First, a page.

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Review of Bobby Mair at the Cambridge Junction



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The uniquely-talented Canadian comic - whose numerous television appearances include 8 Out of 10 Cats (Channel 4), Never Mind the Buzzcocks (BBC2), The Bobby Mair Show (Comedy Central), and World of Weird (Channel 4) - brought his fifth stand-up show, Cockroach, to Cambridge on Saturday, April 9.

Bobby Mair. Picture: Linda Blacker
Bobby Mair. Picture: Linda Blacker

And what a show it was - in fact I’m still laughing now as I write this such was my enjoyment of the 36-year-old’s various anecdotes, thoughts and sardonic observations. Speaking to Bobby for the Cambridge Independent a few weeks ago, I had a feeling I might enjoy his gig, but I had no idea just how much.

Announcing himself as his own opening act (he revealed that he normally has fellow comedian - and co-host of the podcast The Year Is - Red Richardson open for him), Bobby went pretty much ‘off script’ for much of the still-funny opening 20-minute set - and also picked out his main ‘victim’ of the evening (although he didn’t ever pick on them in a cruel way): a young scientist sitting in the second row.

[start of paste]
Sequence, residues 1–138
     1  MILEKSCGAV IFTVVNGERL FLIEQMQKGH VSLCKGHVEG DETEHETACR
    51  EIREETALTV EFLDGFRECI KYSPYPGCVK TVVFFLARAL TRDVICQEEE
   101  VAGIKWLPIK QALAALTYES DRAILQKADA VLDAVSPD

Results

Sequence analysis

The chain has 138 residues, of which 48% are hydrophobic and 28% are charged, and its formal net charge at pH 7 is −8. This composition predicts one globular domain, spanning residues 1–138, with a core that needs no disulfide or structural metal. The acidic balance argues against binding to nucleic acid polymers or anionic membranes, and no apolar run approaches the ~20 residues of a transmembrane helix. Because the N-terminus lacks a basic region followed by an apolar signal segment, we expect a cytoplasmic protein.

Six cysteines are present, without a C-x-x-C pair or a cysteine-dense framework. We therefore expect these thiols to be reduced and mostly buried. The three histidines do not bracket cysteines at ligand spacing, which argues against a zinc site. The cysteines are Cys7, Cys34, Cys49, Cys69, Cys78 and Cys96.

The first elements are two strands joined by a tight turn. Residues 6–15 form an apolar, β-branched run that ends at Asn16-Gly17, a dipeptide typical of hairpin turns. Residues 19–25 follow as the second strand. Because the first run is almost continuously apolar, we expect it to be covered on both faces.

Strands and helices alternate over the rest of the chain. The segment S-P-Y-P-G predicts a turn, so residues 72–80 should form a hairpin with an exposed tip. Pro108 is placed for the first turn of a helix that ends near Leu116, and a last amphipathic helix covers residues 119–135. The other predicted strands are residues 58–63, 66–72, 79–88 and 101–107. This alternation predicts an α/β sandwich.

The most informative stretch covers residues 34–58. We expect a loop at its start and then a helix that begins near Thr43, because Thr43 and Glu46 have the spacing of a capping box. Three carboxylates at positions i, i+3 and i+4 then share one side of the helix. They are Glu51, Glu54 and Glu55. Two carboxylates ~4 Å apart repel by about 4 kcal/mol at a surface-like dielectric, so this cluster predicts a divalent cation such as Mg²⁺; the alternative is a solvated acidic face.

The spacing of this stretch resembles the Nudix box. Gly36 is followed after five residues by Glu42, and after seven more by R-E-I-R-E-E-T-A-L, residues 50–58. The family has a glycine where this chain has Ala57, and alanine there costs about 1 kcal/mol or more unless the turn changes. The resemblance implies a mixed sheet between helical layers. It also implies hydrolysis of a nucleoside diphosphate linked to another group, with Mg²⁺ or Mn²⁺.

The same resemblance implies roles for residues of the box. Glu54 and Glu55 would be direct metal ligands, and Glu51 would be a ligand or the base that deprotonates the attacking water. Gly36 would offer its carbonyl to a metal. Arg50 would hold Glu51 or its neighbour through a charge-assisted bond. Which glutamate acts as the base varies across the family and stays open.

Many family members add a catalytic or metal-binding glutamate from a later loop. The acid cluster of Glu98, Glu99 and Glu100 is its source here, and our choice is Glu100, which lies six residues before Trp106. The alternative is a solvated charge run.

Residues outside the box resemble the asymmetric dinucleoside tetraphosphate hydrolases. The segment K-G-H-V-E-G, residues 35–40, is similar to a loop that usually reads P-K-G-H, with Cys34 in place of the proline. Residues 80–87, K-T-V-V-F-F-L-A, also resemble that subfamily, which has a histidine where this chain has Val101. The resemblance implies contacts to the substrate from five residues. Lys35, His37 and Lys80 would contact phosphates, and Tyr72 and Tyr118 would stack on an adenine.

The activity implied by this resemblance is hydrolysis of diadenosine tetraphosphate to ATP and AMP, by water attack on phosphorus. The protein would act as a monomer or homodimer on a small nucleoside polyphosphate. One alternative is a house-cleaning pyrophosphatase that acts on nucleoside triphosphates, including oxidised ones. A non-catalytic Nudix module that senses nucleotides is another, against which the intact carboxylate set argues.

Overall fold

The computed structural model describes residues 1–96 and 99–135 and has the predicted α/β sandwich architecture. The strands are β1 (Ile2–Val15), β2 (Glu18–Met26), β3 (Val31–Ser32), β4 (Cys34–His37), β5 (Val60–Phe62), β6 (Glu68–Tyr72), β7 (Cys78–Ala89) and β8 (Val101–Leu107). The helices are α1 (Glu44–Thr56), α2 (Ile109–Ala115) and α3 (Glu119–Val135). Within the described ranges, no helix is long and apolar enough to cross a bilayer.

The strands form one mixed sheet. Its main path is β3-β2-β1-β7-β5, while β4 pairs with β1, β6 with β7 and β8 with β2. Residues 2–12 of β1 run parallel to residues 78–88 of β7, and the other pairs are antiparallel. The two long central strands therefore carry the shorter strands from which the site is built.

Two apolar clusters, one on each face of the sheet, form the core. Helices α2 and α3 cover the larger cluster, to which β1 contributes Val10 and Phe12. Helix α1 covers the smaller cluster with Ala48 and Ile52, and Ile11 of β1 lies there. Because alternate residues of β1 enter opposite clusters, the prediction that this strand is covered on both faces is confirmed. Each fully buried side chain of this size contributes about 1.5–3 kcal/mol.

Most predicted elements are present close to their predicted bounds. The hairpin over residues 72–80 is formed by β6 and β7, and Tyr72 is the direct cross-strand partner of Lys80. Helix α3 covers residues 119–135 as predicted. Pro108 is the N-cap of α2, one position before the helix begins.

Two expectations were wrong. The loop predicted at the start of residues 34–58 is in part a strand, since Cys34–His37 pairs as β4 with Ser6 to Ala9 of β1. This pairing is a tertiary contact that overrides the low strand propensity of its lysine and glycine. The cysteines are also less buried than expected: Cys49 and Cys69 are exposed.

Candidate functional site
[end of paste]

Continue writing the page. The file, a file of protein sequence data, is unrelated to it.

He invited audience member and local comedian Jamie Green, host of Wise Crack Comedy at The Blue Moon in Cambridge, to do the last 12 minutes for him - and a very entertaining 12 minutes it was too. Another member of the audience asked Jamie during the interval if it had been planned, to which the answer was no.

Bobby came back out for the ‘main show’ and immediately drew laughter with his thoughts on different aspects of the pandemic, giving up smoking and how he felt when his friend wrote a novel during lockdown (I don’t want to say too much but suffice it to say, the novel was not deemed a success).

Bobby Mair. Picture: Linda Blacker
Bobby Mair. Picture: Linda Blacker

He is one of those comedians whose whole manner and demeanour are naturally laugh-out-loud funny and his revelations on what he would do if he was an Uber driver and how he deals with people on trains who sit in his pre-booked seat were, again, hilarious - as were his musings on getting asked for ID in his mid-30s and becoming a parent for the first time.

Jimmy Carr has described Bobby as “Clearly a brilliant stand-up” and he clearly has a good eye for talent-spotting. In short, if I were putting together a comedy night, I would do my utmost to make sure Bobby Mair was on the bill.

For more on Bobby, visit bobbymair.net.

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